A brief overview of the U.S. copyright law compared to the international copyright law. This information is taken from "A Basic Guide to Exporting" provided by the U.S. Commercial Service to assist U.S. companies in exporting.
Last Published: 10/20/2016
U.S. Copyright-Law-Compared-to-International-Copyright-Law

A copyright protects original works of authorship. In the United States, this protection gives the owner the exclusive right to reproduce the work, to prepare derivative works such as “spin-offs,” to distribute copies, or to perform or display the work publicly.

In the United States, original works of authorship include literary, dramatic, musical, artistic, and certain other creative works. A computer program, for example, is also eligible as a literary work in the U.S. and an increasing number of foreign countries.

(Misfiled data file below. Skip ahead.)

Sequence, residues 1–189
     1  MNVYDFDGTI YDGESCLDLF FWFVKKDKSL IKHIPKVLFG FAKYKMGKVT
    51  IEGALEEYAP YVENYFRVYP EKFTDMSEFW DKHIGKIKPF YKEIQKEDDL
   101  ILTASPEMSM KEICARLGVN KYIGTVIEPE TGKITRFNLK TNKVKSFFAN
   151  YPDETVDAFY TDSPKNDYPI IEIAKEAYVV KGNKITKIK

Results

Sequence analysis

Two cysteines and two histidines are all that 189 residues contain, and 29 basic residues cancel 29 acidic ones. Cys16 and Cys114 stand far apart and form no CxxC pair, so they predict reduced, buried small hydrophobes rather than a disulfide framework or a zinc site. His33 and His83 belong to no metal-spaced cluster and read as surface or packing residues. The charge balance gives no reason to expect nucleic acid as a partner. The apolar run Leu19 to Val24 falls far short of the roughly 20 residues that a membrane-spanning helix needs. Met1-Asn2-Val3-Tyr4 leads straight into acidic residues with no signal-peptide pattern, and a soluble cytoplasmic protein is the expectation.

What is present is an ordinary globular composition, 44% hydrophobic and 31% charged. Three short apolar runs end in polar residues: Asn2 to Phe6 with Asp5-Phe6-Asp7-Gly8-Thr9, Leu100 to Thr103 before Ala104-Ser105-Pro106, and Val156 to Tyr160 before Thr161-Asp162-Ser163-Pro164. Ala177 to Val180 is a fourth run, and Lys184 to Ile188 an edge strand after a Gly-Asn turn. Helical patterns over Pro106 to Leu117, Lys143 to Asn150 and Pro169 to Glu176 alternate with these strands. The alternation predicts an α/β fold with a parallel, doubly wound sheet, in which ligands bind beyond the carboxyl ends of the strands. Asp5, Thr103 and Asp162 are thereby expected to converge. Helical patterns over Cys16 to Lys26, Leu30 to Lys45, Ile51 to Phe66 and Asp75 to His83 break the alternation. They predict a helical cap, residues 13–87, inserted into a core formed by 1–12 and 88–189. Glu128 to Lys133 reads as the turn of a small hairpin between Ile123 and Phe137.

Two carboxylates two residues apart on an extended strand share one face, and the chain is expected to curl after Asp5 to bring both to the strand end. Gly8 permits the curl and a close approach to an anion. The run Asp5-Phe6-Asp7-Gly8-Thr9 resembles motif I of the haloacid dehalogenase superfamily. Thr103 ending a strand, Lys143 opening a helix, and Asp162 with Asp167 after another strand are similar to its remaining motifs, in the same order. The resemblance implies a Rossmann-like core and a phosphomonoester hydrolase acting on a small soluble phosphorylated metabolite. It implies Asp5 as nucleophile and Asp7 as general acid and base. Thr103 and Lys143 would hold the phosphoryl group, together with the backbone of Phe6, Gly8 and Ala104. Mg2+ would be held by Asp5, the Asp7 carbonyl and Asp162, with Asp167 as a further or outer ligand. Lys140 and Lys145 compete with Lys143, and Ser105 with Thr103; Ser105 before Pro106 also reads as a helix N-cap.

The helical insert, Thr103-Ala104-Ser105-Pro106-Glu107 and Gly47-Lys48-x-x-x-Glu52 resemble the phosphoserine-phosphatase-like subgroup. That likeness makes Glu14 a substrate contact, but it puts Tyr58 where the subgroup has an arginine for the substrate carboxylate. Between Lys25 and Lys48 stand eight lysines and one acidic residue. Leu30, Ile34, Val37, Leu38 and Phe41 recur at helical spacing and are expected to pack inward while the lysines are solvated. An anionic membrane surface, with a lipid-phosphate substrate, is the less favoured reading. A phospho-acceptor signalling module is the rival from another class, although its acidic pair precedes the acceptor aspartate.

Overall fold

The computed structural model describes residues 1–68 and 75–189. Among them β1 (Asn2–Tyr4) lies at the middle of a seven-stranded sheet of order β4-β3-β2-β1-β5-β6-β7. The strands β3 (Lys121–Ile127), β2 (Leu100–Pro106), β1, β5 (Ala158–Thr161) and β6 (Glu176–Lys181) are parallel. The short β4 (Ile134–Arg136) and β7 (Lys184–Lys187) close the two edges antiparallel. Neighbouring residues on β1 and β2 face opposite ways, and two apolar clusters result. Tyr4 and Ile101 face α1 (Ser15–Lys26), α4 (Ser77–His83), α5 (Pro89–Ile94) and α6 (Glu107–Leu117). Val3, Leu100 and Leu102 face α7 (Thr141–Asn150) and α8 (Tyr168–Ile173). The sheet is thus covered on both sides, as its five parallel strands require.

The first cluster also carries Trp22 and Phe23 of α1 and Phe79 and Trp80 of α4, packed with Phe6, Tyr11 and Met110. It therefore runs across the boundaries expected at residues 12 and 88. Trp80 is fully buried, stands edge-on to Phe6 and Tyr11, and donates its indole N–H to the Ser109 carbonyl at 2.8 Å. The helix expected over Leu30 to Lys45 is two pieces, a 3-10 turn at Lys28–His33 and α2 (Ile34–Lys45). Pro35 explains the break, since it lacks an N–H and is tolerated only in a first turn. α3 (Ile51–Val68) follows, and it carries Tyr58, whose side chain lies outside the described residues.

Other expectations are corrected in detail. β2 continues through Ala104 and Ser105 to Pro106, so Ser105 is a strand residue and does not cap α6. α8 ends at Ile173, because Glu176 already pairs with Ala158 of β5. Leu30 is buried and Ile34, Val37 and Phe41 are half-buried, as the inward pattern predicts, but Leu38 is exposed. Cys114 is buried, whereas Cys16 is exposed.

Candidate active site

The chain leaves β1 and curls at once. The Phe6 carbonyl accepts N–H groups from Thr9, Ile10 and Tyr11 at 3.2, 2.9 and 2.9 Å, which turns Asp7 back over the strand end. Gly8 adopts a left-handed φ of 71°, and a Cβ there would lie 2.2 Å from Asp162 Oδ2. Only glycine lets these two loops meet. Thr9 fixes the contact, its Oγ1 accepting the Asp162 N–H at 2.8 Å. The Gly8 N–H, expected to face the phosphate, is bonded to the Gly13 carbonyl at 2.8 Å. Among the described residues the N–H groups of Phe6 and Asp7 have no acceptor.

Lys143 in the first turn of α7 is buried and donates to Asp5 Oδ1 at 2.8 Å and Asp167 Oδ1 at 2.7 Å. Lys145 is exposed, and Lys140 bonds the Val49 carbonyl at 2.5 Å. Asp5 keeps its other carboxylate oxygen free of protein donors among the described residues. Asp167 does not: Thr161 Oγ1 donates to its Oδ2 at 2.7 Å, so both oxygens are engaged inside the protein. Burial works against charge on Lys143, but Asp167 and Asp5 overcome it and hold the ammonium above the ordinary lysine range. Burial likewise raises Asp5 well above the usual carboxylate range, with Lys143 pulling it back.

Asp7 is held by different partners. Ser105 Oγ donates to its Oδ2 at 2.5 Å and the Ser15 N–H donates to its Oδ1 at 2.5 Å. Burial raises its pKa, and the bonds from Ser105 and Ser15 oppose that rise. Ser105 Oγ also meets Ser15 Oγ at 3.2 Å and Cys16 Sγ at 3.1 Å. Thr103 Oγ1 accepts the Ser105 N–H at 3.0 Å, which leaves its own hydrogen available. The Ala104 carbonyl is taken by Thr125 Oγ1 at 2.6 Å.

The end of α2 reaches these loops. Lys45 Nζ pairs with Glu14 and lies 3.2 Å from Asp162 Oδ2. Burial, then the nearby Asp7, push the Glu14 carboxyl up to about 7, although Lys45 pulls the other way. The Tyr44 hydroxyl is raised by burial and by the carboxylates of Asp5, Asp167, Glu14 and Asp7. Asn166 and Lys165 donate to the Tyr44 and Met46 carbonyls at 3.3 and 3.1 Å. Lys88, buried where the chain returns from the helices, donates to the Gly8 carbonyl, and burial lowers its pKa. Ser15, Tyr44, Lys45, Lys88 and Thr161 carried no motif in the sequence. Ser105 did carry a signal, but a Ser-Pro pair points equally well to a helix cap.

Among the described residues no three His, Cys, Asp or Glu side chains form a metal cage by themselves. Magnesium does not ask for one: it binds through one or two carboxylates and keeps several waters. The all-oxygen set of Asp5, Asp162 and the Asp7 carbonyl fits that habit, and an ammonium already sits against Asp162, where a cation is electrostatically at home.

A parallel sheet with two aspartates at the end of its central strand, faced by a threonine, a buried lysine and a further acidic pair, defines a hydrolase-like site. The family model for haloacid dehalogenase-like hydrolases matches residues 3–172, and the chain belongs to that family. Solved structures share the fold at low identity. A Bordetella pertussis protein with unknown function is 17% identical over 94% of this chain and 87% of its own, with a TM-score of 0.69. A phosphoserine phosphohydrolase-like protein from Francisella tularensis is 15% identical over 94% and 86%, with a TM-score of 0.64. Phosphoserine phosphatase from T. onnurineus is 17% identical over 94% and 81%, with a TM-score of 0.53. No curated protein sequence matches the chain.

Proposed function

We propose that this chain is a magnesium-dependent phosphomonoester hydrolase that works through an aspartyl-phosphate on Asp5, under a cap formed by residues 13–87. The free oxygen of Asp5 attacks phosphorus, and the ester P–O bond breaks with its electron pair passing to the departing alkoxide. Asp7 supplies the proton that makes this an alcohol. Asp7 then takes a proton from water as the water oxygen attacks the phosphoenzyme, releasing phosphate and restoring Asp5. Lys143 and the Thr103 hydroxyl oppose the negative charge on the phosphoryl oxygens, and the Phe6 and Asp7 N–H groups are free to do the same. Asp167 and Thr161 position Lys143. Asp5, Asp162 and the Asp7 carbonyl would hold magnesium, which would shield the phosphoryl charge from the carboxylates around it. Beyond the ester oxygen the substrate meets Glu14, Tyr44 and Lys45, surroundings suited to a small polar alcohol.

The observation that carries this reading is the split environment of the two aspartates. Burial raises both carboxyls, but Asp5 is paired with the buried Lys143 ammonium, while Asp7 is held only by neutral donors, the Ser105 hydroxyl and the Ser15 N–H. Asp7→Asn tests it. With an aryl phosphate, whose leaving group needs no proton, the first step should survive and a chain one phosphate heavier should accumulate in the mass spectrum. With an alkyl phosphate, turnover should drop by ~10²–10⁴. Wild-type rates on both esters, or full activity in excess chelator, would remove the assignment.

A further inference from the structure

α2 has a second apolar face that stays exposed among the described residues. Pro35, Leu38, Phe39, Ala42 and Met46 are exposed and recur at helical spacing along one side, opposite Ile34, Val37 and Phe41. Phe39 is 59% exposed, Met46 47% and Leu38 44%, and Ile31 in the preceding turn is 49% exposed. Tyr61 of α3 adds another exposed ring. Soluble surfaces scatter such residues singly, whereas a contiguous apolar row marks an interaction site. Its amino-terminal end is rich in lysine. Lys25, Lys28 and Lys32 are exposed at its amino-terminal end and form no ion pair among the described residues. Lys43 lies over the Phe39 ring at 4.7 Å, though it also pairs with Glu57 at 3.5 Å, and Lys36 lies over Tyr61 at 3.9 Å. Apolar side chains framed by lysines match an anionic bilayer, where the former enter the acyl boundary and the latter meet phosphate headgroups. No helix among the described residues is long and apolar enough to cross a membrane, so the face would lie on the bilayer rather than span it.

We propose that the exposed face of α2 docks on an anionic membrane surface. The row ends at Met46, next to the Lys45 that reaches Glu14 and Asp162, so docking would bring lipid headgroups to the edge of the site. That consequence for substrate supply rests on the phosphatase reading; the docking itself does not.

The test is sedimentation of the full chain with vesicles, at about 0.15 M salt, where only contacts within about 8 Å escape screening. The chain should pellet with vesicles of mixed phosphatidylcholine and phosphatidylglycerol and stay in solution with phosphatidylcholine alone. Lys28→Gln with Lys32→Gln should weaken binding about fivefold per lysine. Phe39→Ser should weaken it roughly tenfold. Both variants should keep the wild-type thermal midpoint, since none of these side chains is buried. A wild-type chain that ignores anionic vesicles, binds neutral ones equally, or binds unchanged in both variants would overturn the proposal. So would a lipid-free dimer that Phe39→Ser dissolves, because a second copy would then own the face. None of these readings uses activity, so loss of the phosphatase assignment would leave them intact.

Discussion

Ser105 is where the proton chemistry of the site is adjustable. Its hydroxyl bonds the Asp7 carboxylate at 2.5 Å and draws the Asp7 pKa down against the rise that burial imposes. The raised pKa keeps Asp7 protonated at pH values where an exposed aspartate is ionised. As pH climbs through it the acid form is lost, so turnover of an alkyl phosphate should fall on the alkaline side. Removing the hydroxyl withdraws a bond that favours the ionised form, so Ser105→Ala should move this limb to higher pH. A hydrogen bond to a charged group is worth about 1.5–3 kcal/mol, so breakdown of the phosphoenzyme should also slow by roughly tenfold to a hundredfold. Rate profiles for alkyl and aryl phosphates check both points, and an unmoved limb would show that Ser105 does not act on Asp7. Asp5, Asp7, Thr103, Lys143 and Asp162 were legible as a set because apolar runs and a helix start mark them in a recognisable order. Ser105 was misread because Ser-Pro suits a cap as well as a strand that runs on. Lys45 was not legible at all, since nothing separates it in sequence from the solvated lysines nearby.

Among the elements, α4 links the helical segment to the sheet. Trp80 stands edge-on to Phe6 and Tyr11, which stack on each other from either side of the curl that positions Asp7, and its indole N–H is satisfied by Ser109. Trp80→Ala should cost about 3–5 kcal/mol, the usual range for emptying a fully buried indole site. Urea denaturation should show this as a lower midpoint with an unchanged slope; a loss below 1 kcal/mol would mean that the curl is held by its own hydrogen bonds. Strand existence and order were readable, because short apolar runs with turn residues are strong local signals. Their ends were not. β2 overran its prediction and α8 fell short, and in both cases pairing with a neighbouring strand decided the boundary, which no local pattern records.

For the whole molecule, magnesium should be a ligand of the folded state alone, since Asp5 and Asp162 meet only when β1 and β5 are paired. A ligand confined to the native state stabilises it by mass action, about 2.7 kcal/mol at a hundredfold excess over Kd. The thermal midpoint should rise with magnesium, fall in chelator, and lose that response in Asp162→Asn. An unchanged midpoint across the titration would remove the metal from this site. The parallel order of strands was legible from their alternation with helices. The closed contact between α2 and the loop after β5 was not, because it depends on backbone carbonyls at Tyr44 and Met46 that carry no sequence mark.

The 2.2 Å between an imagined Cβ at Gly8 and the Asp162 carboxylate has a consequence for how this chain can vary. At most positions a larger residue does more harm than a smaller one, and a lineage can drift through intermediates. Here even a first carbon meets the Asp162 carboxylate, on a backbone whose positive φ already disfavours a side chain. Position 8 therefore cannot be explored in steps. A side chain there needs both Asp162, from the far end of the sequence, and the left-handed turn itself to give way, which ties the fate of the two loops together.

In most countries, the place of first publication determines the availability of copyright protection. Some countries require certain formalities (e.g., registration notice) to maintain copyright protection. Other countries offer little or no protection for the works of foreign nationals. Before publishing a work anywhere, you should investigate the scope of protection available, as well as the specific legal requirements for copyright protection in countries where you want it. For more information on intellectual property, visithttp://www.stopfakes.gov.